The Phnom Penh Post

Official: Fake sanitisers less prevalent

- Voun Dara

THE sale of counterfei­t or fake alcohol-based sanitising solutions and gels significan­tly decreased in the first three months of this year as greater awareness has spread within the business community about the problem, according to the Ministry of Commerce’s General Directorat­e of Consumer Protection, Competitio­n and Fraud Prevention.

Phan Oun, head of the directorat­e, told The Post on April 7 that this year officials had inspected alcohol and gel retailers and distributo­rs such as markets and pharmacies.

Out of 78 samples of items taken and tested for analysis, only two of them turned out to be fakes.

He said the vendors selling the fake items were not arrested or sent to court because it was their first offence. The officials just asked them to sign a letter promising not to repeat the offence.

“Currently, most of the products available on the market now come with trademarks clearly displayed. That wasn’t the case last year prior to the crackdown,” he said.

According to their report, due to the Covid-19 pandemic and the need to comply with preventive measures, officials only checked the locations that had been busted for selling fake merchandis­e last year.

“This is an important part of our job to spread the word and enforce consumer protection­s strictly and check on product quality regularly,” he said.

Oun said his directorat­e had also requested that businesses refrain from engaging in price gouging on health-related items during the pandemic and stock only legitimate products that work as intended.

Oun also called on citizens to be careful when buying alcohol sanitiser solutions and gels by examining the trademarks and the packaging and only buying from trusted sources.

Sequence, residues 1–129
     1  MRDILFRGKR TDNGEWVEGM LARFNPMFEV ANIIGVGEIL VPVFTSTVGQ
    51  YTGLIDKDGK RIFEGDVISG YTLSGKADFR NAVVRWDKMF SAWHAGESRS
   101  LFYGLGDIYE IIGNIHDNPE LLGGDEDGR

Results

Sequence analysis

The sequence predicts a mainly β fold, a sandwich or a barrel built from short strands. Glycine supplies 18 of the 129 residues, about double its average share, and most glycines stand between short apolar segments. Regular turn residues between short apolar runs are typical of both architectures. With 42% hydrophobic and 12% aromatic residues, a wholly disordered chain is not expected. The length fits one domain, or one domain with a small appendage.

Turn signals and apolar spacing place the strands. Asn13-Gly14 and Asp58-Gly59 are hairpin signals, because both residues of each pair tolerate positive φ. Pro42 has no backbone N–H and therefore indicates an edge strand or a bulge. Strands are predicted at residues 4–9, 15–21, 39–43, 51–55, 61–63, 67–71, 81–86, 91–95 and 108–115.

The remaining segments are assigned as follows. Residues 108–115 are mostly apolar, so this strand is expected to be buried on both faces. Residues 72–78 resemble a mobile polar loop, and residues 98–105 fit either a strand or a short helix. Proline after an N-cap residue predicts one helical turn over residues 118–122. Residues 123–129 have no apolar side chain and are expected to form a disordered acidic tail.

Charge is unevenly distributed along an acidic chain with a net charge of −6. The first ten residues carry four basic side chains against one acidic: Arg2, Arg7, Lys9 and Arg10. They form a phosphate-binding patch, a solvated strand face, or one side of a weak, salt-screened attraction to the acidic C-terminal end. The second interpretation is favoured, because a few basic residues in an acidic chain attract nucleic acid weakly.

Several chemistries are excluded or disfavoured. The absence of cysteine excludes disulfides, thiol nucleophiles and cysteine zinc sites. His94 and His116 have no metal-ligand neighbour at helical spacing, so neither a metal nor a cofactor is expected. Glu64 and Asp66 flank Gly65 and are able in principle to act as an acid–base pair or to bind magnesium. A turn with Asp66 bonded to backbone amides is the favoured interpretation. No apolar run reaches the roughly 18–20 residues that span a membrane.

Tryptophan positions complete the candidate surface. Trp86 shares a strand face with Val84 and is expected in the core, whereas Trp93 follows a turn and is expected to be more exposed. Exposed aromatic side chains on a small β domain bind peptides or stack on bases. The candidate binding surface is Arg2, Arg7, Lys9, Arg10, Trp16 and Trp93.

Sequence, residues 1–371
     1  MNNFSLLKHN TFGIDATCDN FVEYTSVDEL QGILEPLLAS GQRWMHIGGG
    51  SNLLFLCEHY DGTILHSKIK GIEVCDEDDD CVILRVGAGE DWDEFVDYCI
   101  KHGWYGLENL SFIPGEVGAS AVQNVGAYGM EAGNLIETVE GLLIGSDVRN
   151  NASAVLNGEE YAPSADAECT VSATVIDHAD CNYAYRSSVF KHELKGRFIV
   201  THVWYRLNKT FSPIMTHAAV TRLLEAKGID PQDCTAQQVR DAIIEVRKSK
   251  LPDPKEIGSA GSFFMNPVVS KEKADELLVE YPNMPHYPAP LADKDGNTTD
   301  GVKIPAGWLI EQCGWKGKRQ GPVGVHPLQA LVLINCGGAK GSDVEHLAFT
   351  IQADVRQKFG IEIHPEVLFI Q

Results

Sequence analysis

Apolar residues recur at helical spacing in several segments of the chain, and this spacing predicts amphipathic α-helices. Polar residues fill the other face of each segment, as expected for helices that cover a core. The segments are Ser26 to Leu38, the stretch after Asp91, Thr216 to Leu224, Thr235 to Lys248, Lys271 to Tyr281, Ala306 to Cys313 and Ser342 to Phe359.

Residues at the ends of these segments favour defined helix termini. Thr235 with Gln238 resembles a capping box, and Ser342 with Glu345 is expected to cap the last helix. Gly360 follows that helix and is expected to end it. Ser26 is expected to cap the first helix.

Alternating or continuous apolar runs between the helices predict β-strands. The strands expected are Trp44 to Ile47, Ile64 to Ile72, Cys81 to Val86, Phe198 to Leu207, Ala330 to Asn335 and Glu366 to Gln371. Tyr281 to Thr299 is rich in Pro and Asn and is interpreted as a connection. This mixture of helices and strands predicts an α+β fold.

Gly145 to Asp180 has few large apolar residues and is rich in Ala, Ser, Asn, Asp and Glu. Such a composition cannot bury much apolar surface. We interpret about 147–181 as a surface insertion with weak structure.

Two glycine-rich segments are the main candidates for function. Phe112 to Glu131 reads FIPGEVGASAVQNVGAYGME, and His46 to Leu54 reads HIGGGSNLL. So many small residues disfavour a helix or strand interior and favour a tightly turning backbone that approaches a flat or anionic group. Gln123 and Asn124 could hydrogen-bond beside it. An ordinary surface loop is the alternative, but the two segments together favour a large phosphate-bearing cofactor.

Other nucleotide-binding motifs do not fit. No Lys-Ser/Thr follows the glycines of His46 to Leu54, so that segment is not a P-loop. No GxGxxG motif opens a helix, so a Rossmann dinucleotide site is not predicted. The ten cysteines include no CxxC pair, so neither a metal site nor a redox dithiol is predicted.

Oun said that in 2020, his directorat­e seized and burned 94 tonnes of fake alcohol sanitiser and that some of the seizures had resulted in individual­s being referred to the court for prosecutio­n.

The Ministry of Interior’s Counter-Counterfei­t Committee also works on preventing the sale of fake products to the public.

The committee chairman, Meach Sophanna, said on April 7 that they regularly collaborat­ed with the commerce ministry and the police to investigat­e the sales of fake product, especially items used to protect people from Covid-19 this past year.

“We know that substandar­d products are not effective and could harm our citizens’ health,” he said.

Sophanna said his committee had investigat­ed around 20 reported instances of merchants selling fake alcohol and gel sanitisers in the first three months of this year.

 ?? COMMERCE MINISTRY ?? Officials inspect fake hand sanitisers seized in Phnom Penh last year.
COMMERCE MINISTRY Officials inspect fake hand sanitisers seized in Phnom Penh last year.

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